The Onxeo license agreement does not have a pre-determined term, but expires on a product-by-product and country-by-country basis; that is, the agreement expires with respect to a given product in a given country whenever the Company’s royalty payment obligations with respect to such product have expired. The agreement may also be terminated early for cause if either the Company or Onxeo materially breach the agreement, or if either the Company or Onxeo become insolvent. The Company may also choose to terminate the agreement, either in its entirety or as to a certain product and a certain country, by providing Onxeo with advance notice.
The Company is internally developing Validive and has activated clinical sites and began dosing for its VOICE clinical trial, which, if successful, may allow the Company to apply for marketing approval within the next several years. The Company will need to raise significant funds or enter into a collaboration partnership to support the further development, including potential commercialization of Validive. As of March 31, 2021, the Company had not reached any of the pre-specified milestones and has not been required to pay Onxeo any funds under this license agreement other than the $1 million one-time license fee.
Grupo Español de Investigación en Sarcomas (“GEIS”)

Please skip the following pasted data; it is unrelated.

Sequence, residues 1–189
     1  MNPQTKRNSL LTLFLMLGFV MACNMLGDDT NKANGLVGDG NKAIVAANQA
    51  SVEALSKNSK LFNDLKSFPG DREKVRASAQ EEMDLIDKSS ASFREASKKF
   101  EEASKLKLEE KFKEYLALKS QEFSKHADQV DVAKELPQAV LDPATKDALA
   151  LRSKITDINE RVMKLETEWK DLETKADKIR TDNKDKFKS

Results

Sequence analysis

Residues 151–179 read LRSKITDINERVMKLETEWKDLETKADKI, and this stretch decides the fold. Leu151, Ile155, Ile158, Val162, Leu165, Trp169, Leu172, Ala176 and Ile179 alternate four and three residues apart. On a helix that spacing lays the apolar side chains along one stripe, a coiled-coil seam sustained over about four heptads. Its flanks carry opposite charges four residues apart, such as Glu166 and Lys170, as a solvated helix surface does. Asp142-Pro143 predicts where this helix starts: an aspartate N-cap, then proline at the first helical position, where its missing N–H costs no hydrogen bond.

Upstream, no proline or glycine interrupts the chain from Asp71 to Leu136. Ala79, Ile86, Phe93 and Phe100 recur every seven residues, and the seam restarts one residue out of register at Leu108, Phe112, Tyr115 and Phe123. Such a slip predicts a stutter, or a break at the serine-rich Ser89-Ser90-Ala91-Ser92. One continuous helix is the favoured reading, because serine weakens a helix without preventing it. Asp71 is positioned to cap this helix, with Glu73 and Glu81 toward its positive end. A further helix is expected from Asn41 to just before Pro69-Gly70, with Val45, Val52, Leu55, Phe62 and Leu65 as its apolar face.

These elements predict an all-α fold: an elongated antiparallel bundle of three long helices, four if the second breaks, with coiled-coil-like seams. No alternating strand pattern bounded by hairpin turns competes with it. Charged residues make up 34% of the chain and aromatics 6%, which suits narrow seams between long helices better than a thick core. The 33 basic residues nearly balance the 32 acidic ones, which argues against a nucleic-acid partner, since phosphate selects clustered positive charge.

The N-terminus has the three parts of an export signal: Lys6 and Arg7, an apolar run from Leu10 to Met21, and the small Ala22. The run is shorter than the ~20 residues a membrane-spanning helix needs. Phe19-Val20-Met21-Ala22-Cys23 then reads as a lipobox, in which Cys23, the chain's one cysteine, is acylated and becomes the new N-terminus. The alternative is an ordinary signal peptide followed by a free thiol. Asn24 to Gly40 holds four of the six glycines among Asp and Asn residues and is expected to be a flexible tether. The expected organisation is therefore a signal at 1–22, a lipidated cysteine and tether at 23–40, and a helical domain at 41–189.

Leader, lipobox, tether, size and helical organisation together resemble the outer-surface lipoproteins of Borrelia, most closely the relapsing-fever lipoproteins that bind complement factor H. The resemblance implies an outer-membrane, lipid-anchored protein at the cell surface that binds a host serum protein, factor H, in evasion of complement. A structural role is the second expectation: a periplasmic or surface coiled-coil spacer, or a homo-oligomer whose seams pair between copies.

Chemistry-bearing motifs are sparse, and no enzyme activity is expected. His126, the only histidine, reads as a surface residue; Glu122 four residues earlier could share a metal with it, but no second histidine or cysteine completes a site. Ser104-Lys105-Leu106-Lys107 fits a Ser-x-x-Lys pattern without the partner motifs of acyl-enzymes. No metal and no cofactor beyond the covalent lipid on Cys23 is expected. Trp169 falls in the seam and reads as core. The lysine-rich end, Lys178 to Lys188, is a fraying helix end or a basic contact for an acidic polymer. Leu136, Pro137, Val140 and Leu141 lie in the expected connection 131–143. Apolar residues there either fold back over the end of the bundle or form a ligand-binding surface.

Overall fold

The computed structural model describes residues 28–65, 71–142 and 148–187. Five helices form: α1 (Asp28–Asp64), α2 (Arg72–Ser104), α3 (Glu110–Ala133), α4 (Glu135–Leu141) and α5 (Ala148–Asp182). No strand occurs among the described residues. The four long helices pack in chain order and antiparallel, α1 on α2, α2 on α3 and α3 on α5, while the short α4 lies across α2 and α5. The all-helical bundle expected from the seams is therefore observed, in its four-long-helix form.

In June 2019, the Company executed a clinical collaboration agreement with GEIS for the development of camsirubicin in patients with advanced soft tissue sarcoma (“ASTS”). Following completion of the dose escalation run-in clinical trial in the U.S. (or another country) that Monopar currently anticipates initiating in the second half of 2021, the Company continues to expect that GEIS will sponsor and lead a multi-country, randomized, open-label Phase 2 clinical trial to evaluate camsirubicin head-to-head against the current first-line treatment for ASTS, doxorubicin. The Company will provide study drug and supplemental financial support for the clinical trial averaging approximately $2 million to $3 million per year. During the three months ended March 31, 2021, the Company incurred $0.3 million in expenses under the GEIS agreement and other clinical-related expenses including clinical material manufacturing and database management expenses in support of GEIS’s Phase 2 camsirubicin clinical trial. During the three months ended March 31, 2020, the Company provided a nominal amount of financial support and incurred a nominal amount of drug manufacturing costs under the GEIS agreement. The Company can terminate the agreement by providing GEIS with advance notice, and without affecting the Company’s rights and ownership to any intellectual property or clinical data.